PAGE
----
Quick H1N1 Treatment Saved Lives Of Pregnant Women
Pregnant women who caught the H1N1 influenza were far less likely to die as a result of the disease if they were treated by flu medication within the first 48 hours, a new study published in the Wednesday edition of the Journal of the American Medical Association (JAMA) concludes.
According to the results of the Centers for Disease Control and Prevention (CDC) report, which were published by JAMA as part of an abstract accompanying the research, "Pregnant women had a disproportionately high risk of mortality due to 2009 influenza A(H1N1). Among pregnant women with 2009 influenza A(H1N1) influenza reported to the CDC, early antiviral treatment appeared to be associated with fewer admissions to an ICU and fewer deaths."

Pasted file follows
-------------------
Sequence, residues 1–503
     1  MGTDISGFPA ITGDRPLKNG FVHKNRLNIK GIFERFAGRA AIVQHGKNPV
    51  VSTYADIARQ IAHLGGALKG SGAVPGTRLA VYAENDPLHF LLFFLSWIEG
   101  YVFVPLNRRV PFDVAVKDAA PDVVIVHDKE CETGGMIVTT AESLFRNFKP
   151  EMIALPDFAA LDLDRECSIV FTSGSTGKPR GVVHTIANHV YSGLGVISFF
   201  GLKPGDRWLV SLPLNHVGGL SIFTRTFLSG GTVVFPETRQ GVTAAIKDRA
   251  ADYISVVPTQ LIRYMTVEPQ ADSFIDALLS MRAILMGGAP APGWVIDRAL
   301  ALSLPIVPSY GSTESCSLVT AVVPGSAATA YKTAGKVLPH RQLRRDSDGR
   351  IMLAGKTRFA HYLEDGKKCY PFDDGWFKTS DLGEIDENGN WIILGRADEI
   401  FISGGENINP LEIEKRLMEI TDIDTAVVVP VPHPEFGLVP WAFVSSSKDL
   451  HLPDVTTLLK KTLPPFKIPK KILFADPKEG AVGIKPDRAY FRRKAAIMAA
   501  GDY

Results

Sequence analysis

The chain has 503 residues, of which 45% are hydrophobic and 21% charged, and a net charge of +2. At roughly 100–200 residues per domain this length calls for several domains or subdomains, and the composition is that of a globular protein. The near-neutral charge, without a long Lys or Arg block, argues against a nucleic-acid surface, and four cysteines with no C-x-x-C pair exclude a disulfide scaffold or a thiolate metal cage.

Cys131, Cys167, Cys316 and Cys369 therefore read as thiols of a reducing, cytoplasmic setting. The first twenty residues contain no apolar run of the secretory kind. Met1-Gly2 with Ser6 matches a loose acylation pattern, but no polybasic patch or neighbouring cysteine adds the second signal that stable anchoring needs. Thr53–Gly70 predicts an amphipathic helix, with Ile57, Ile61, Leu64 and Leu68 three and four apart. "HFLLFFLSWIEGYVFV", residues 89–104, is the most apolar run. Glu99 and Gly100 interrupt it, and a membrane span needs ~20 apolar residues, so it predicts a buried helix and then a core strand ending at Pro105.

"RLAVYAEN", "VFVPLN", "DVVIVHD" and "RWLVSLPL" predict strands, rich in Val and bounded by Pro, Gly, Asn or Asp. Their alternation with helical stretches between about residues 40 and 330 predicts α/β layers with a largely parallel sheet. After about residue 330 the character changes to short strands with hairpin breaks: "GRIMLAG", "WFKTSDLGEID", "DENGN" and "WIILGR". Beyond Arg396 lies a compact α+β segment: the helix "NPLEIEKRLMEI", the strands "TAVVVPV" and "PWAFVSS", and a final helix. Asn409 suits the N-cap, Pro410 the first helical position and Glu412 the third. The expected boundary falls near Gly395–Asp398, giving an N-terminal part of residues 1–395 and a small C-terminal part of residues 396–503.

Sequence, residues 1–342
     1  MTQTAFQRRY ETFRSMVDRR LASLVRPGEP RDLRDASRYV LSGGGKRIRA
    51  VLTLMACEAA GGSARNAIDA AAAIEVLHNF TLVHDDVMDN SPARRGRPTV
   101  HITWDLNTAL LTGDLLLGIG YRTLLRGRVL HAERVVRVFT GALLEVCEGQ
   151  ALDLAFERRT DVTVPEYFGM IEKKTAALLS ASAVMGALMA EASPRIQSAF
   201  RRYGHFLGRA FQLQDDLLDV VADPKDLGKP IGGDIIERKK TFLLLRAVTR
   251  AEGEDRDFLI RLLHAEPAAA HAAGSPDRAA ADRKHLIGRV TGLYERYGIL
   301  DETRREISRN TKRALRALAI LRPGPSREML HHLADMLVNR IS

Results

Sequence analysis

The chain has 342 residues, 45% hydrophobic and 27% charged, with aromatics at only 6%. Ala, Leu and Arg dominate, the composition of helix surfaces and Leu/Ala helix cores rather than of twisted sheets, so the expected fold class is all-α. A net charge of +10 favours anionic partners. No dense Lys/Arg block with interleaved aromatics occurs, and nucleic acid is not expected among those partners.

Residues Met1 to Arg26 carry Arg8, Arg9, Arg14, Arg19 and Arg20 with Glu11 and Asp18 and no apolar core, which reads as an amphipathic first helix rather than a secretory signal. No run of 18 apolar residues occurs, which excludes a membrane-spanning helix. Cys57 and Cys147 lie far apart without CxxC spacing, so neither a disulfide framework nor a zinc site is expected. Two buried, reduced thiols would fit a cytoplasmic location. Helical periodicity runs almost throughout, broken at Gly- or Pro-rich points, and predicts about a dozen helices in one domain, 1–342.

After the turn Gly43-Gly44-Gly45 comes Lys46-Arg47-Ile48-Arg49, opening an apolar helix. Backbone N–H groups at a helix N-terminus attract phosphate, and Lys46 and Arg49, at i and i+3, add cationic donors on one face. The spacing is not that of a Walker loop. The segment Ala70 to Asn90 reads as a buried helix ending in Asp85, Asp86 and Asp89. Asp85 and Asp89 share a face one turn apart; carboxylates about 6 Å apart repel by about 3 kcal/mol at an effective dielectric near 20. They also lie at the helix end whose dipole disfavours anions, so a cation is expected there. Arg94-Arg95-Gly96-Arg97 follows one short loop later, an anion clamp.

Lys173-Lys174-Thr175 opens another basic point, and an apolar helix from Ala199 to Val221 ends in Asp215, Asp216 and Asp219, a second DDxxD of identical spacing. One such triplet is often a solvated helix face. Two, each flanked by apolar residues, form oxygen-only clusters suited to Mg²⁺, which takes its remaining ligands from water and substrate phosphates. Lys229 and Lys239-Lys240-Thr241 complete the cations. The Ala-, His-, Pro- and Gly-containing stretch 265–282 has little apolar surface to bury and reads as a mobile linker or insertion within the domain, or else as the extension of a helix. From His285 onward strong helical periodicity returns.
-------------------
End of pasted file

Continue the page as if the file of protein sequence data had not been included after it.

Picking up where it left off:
During their research, the CDC authors analyzed the reports of 788 women pregnant women in the U.S. who caught the swine flu between April and August of 2009. Of those women, 30 died and 509 were hospitalized, with 115 of them admitted to intensive care.
They found that women who did not receive treatment until at least four days after the onset of symptoms were about six times more likely to be sent to the ICU than those treated within the first two days. Furthermore, only one death was reported among those pregnant women who received treatment within 48 hours.
"Early treatment really makes a difference," Dr. Sonja Rasmussen, co-author of the study and member of the CDC’s Division of Birth Defects and Developmental Disabilities, told AP Medical Writer Mike Stobbe on Tuesday. According to the World Health Organization (WHO), there have been a total of 16,000 global H1N1 related deaths reported to date.
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